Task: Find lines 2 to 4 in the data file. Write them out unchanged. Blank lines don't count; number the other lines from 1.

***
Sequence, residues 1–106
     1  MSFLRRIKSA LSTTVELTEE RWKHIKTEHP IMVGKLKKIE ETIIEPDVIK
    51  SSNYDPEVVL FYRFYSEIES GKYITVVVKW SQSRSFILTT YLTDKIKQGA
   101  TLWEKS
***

     1  MSFLRRIKSA LSTTVELTEE RWKHIKTEHP IMVGKLKKIE ETIIEPDVIK
    51  SSNYDPEVVL FYRFYSEIES GKYITVVVKW SQSRSFILTT YLTDKIKQGA
   101  TLWEKS